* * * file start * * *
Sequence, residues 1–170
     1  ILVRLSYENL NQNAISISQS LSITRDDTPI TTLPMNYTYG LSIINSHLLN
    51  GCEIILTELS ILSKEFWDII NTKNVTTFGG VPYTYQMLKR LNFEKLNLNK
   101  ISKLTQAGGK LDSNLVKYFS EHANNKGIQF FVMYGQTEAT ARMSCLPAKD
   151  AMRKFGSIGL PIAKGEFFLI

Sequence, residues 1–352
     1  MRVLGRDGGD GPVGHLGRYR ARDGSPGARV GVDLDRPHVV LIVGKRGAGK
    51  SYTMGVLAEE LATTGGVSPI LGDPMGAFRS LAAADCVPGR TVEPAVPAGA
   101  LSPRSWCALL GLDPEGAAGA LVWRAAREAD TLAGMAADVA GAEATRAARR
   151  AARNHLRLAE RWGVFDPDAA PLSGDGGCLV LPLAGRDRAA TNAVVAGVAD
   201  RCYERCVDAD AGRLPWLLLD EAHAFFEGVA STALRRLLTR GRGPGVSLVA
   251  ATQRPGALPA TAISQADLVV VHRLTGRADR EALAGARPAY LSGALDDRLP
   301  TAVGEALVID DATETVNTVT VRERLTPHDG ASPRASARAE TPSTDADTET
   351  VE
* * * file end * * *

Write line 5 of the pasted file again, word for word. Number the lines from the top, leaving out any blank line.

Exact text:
   151  AMRKFGSIGL PIAKGEFFLI